Our focus has been to first establish our brand and the business model and then pursue growth. Our fleet is young and by 2019 we will have 75 to 80 Airbus Neos which burn 10 per cent less fuel. But I must add that the Indian aviation industry is facing an unlevel playing field. We pay twice as much for fuel compared with the rest of the world and we are at the mercy of three fuel companies. Traveling by air is not a luxury any longer but a necessity. Look at the opportunity we have. Just one airline, Ryan Air, flies more passengers than the entire Indian aviation industry put together.
The current policies do not favour growth. For instance, airlines can import fuel from abroad but there is no infrastructure for airlines to store fuel either at the ports or at the airports. Taxation on fuel is onerous, and no other country in the world pays tax on fuel. Why should fuel be the only commodity that pays a sales tax of almost 22 per cent ad-valorem and is not declared as goods? Fuel is not even subject to Modvat as is the case with other products and commodities. Our fares are lower than Europe but with double the fuel cost.
Are you looking at any M&A opportunity in the food business or an investor in Britannia?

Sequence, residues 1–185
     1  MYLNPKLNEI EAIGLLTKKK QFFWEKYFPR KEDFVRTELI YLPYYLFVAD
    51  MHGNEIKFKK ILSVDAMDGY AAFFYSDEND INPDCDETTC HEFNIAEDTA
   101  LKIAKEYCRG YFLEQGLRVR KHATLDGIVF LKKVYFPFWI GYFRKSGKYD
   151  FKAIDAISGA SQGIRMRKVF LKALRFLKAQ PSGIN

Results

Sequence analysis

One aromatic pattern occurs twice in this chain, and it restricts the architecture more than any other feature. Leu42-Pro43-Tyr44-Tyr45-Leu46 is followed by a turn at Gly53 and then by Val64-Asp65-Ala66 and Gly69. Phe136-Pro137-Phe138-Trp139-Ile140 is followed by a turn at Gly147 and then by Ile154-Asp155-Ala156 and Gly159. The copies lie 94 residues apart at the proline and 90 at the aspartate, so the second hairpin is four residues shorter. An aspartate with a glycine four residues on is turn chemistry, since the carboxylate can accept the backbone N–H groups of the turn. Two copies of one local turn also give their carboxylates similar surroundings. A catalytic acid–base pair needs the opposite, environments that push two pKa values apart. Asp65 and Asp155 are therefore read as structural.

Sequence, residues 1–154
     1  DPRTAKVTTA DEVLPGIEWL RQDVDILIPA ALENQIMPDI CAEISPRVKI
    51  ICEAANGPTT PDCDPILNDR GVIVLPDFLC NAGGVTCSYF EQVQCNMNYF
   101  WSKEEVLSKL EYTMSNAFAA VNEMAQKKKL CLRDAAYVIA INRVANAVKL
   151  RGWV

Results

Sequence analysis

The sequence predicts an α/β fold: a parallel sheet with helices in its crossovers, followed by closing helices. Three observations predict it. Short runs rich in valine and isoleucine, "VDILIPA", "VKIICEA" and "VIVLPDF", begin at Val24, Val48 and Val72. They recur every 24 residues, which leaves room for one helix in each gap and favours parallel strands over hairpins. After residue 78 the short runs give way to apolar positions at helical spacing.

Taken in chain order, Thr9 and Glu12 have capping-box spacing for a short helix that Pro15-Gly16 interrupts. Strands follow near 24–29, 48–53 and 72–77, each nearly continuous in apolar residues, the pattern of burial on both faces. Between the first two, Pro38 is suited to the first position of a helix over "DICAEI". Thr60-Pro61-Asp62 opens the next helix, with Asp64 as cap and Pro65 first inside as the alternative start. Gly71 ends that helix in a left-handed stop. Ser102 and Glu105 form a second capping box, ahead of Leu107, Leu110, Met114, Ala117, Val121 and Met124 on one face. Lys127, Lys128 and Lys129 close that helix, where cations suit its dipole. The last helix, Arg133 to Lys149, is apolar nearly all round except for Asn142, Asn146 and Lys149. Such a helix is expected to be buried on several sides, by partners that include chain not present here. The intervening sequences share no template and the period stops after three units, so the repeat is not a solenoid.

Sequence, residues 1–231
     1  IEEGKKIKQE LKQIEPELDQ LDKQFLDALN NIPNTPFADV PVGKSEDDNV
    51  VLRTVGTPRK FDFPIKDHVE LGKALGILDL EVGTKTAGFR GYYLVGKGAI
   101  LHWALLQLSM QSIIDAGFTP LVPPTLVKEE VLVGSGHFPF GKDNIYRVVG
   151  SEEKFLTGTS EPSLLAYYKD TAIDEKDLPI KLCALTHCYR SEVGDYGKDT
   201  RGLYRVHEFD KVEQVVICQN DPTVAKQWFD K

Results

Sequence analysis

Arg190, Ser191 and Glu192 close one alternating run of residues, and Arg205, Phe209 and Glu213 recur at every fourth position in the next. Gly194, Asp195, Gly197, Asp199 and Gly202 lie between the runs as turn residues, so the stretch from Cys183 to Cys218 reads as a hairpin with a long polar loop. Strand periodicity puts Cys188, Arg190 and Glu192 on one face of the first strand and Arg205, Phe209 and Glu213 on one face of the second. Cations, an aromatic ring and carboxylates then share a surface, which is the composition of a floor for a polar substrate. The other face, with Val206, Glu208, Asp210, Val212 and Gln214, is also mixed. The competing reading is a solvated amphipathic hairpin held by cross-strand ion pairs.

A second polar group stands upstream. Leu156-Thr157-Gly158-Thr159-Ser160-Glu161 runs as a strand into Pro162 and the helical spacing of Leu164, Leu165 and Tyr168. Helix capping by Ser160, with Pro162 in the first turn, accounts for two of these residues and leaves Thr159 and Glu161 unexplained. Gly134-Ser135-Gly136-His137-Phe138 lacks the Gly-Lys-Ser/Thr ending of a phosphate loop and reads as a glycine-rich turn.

There is absolutely no question of getting an investor in Britannia. What we are doing in Britannia is strengthening our brands and strengthening the supply chain for those brands. Take manufacturing, for instance. In a few years, we will control 65 to70 per cent of our own production by setting up greenfield units and taking equity in our partner production companies. We looked at several food companies in the past and chose not to go ahead as we want M&As to add value. The important question is whether an acquisition is accretive to the return on investment and not merely an addition to turnover.
Do you think Bombay Dyeing should have capitalised on the retail apparel sector?
I don’t think anyone who ventured into apparel in a big way made money. More and more competition is continuing to emerge from smaller companies. The potential of good returns in apparel is very challenging; we did enter the business but decided not to pursue.
You are considered to be a very difficult joint venture partner. You fought with Danone for Britannia. Do you agree with this assessment?
I just had one joint venture and that was with Danone. I joined Britannia in 1992 and Danone was my partner till 2009. Britannia took a decision to get into the dairy business in 2003 and for Danone Dairy was its core business and they were keen to pursue it in India on their own. Biscuits on the other hand was not part of Danone’s core business and they had decided to disinvest. Britannia went into Dairy business with Fonterra and Danone decided to enter Dairy on its own and withdrew from Britannia. Like most disengagements, this one too had its own challenges but in the end was resolved amicably.